Catherine Ivy, graduate student at McMaster University compared deer mice that were raised at high altitudes versus those raised at lower altitudes and found that the ancestry of the animals was actually important in regulation of breathing and gas exchange in the lungs. Perhaps not surprisingly, acclimation to hypoxia also influenced both variables as well.
Alice Nakasone, undergraduate student at Barry University (Miami Shores, FL) taught me that mice do not cough! Therefore, her research on regulation of coughing focuses on guinea pigs, which are able to cough.
Ave Harris, undergraduate student at Medgar Evers College presented data showing how histamine (you know the molecule that is at the root of allergic reactions and the reason for taking antihistamines), is involved in sensory reception in the gills of a bivalve (Crassostrea virginica; image above from uniprot.org).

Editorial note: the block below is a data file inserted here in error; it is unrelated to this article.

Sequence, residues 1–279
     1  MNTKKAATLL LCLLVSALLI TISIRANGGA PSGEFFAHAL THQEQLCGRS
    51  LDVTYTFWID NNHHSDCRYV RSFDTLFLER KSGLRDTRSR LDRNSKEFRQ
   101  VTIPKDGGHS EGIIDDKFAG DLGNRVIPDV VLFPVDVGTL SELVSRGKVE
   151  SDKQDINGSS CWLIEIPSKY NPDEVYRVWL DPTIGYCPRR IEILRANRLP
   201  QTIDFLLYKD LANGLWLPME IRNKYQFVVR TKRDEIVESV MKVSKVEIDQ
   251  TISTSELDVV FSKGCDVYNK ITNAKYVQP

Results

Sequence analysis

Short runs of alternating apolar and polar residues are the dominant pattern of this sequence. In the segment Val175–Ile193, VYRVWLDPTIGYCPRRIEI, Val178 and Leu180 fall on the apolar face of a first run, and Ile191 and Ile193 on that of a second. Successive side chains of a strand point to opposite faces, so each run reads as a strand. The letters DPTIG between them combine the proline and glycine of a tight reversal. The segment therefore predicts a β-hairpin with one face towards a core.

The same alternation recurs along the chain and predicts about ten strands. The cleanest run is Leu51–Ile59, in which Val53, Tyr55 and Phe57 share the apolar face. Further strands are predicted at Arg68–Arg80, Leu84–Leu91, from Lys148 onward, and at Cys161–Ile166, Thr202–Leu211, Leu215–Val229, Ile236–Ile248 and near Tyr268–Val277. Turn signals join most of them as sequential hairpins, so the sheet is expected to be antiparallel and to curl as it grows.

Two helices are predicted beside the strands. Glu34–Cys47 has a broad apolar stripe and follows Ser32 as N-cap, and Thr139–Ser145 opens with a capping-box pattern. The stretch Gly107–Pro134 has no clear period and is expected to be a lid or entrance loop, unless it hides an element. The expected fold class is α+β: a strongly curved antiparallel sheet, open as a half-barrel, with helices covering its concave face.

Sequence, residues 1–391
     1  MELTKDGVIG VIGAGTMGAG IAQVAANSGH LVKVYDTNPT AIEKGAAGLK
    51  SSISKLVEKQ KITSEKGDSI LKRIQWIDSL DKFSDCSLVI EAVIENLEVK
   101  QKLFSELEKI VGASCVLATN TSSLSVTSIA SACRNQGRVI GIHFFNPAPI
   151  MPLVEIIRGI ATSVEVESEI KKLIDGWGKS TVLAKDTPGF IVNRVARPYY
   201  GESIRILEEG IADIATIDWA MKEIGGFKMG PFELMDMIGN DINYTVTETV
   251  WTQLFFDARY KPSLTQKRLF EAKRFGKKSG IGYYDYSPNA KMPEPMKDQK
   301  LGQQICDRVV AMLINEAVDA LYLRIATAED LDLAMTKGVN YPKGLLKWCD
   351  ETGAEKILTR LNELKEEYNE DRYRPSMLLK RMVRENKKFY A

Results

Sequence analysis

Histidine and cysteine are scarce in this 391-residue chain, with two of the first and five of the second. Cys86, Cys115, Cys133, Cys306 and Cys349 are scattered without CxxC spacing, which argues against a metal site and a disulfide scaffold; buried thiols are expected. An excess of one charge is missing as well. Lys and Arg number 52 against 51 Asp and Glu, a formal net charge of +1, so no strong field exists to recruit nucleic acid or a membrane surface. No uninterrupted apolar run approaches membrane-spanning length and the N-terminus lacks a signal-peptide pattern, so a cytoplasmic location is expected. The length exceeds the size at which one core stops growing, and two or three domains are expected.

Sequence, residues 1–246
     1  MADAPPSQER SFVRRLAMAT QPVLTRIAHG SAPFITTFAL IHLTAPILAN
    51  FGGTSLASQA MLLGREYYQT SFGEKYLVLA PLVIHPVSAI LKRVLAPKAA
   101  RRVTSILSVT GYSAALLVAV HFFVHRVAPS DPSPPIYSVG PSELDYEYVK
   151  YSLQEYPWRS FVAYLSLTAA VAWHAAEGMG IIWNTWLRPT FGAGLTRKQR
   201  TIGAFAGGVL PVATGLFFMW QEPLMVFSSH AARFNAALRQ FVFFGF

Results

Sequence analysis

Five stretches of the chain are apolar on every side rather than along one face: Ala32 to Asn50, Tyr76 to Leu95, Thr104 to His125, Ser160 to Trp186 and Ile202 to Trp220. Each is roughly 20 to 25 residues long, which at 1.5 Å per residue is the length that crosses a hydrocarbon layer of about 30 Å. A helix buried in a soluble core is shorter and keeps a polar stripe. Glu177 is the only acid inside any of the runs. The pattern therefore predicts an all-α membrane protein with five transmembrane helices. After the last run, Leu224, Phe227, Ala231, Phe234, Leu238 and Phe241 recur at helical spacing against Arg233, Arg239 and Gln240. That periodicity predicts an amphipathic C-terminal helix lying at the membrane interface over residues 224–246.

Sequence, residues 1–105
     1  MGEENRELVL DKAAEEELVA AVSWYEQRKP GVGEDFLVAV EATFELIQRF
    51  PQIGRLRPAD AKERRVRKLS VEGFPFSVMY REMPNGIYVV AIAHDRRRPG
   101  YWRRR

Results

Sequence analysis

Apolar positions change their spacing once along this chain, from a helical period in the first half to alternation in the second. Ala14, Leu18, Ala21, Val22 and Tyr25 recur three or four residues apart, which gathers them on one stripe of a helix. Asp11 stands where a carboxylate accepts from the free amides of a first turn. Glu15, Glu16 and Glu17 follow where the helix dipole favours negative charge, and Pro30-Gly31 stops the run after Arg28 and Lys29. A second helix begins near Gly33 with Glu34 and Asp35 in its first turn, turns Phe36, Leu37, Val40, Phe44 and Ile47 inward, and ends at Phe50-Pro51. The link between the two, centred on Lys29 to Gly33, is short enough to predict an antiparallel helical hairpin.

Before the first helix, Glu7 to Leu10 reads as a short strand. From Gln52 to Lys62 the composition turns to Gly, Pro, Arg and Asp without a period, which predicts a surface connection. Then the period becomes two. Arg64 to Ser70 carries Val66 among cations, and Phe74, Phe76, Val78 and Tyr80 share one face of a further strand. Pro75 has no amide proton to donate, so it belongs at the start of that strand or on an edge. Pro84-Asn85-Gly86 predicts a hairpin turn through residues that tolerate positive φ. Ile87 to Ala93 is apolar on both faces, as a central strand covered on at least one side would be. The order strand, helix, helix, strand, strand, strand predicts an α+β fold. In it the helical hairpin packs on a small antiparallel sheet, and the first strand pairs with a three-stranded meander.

Brandy Cahoon, University of Nevada, Las Vegas spoke about how tenrecs (shown above, from Madagascar) have brown adipose tissue and do not regulate their body temperatures as closely as other cold-adapted species. In fact, their body temperature tends to track the ambient (i.e. atmospheric) temperature. Since brown adipose tissue is thought to have evolved in hot, as opposed to cold, environments this thermoregulatory tissue might be important for reproduction, not just hibernation.
The annual business dinner meeting was also Monday night at the NoName Restaurant in Boston, MA where the food was amazing (lobster, clams and scallops-yum!). It was impressive to see so many young comparative physiologists receive awards for their research! I hope to acquire some photos and share some information about each of them with you very soon.